Stir Crazy: It may not be the healthiest food, but eatin' Cajun is so tasty

May 6, 2013 

I'm not sure I had any idea the effects of eating lots fried food (and almost no vegetables) would have on my system until I went to Acadian country in Louisiana last week.

Let's just say that 48 hours after I arrived in Breaux (pronounced bro) Bridge, near Lafayette, my tummy was in rebellion, despite the fact that the fried shrimp, oysters, crawfish and catfish were unbelievably delicious. I admit, I did not hold back.

The boudin sausage, cheese grits and lots and lots of hot sauce I consumed didn't help, either. And while I did eat some grilled meat and lots of boiled crawfish, green items landed on my plate just once: a spinach salad I was glad to see.

I'm not exactly sure how folks in this part of the country don't have serious trouble with high cholesterol and blood pressure, unless all the dancing and crawfishing burns it away. I think it's very possible that smile muscles also are used to a greater extent here than anywhere else I've been. Going on that theory, I definitely worked off all kinds of artery-clogging food as I was standing in a john boat, listening to Cajun music on a boom box, grinning from ear to ear and hauling in wire baskets full of crawfish. That night, I enjoyed some of that catch (once I got past the tentacles, claws and beady eyes), boiled by people who were part of the annual Breaux Bridge Crawfish Festival. We all sat outside, passed the paper towels and sipped bottles of Bayou Teche Biere (beer). Later, there was the two-step and Cajun waltz to learn. C'est si bon.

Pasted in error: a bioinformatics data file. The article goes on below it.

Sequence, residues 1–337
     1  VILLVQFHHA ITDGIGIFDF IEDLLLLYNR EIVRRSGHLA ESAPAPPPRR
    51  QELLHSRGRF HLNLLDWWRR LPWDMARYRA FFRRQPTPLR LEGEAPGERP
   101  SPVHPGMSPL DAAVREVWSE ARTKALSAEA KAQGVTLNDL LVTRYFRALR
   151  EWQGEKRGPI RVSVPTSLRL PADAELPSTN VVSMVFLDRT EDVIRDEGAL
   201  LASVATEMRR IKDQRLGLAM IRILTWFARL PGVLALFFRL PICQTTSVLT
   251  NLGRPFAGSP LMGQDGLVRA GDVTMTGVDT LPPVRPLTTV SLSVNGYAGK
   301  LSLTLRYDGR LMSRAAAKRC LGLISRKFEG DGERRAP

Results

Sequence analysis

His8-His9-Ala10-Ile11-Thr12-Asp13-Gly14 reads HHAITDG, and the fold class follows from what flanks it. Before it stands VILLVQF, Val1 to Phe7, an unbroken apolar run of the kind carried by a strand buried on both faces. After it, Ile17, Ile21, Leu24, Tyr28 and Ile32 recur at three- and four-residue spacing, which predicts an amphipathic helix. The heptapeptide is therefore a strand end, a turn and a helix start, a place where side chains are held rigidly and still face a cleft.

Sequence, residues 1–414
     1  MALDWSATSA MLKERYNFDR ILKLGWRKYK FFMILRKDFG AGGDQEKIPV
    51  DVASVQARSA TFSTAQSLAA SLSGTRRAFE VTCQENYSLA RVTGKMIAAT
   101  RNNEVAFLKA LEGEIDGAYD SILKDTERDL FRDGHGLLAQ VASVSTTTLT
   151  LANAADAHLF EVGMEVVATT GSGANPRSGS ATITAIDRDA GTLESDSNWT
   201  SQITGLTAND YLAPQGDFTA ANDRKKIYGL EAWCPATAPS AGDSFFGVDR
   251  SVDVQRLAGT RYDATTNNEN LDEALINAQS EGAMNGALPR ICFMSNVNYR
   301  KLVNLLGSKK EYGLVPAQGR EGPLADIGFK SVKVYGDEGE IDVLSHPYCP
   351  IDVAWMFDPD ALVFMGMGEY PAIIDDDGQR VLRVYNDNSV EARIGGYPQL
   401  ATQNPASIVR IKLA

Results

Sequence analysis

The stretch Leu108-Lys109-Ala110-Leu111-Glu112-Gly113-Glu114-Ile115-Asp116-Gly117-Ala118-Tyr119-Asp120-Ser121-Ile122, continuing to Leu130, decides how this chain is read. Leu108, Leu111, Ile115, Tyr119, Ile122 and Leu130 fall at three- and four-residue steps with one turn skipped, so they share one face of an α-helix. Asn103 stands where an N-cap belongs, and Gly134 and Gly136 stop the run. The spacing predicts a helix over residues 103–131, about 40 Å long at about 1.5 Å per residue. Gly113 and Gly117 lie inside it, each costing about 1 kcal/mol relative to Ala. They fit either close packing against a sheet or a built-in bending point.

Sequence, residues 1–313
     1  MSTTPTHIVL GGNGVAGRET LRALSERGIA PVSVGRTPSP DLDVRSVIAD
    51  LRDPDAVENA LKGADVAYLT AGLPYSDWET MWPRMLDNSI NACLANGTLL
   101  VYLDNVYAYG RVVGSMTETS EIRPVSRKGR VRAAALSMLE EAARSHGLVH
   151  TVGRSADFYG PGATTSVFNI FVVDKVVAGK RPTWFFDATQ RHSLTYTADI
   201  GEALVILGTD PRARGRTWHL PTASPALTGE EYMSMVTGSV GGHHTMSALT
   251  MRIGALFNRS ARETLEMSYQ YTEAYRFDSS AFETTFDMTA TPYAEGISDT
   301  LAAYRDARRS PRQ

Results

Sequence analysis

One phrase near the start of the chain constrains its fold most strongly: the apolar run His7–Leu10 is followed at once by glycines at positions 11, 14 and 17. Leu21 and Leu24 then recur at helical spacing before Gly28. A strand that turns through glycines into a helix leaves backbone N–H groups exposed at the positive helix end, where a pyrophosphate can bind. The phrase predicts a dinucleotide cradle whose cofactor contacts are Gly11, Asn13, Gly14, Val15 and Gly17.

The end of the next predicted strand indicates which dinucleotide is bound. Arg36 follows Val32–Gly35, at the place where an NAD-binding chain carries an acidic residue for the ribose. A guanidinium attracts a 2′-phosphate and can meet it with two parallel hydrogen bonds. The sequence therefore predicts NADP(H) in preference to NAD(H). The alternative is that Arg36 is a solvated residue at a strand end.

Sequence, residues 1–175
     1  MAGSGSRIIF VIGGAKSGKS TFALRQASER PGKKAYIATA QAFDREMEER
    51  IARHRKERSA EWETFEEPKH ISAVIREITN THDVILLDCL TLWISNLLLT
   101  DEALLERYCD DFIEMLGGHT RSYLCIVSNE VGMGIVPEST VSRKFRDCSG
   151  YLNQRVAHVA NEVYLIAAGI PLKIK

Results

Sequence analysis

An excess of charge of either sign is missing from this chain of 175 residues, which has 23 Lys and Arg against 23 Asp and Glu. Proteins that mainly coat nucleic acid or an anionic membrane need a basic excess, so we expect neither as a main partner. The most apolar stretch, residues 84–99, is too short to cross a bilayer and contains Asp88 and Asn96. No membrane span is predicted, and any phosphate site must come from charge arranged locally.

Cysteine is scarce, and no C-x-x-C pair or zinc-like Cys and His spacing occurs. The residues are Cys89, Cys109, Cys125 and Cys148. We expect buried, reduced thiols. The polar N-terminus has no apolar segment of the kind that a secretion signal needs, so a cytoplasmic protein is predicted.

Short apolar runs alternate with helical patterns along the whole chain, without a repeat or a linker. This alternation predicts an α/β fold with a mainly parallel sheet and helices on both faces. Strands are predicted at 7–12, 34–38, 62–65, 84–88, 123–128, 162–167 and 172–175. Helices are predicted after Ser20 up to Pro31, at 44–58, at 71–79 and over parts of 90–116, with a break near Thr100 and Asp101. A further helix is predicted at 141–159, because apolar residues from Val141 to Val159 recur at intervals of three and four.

It may not have been a healthy eating trip, but it was so much fun.

So, now I'm craving food that is better for me. This recipe is a bit of twist on my yearning for green theme and comes from food writer Noelle Carter of the Los Angeles Times. This hummus recipe includes spinach and arugula, though if you don't like the slightly bitter taste of arugula, you can substitute more spinach.


2 cups spinach

1 cup arugula

1/4 cup cilantro

1/4 cup diced green onion

2 small cloves garlic

1 cup olive oil

4 cups garbanzo beans

1/4 cup lemon juice

Salt and pepper

In the bowl of a food processor, combine the spinach, arugula, cilantro, green onion and garlic.

With the processor running, slowly add the olive oil, then start to add the beans. Depending on the size of your processor, the hummus may need to be processed in batches: Remove some of the processed hummus to a large bowl, then continue adding beans to the processor.

Fold everything together in the large bowl, flavoring and seasoning as needed.

Add the lemon juice, then season with 1 1/2 teaspoons salt and 1 teaspoon pepper, or to taste. This makes a generous 5 cups of hummus. Serve with pita chips or cutup fresh veggies.

And with strawberry season fast approaching, this tart is a healthier version for dessert. A typical strawberry tart with white chocolate custard has 364 calories and 17 grams fat per slice. This recipe has 197 calories and 7 grams fat.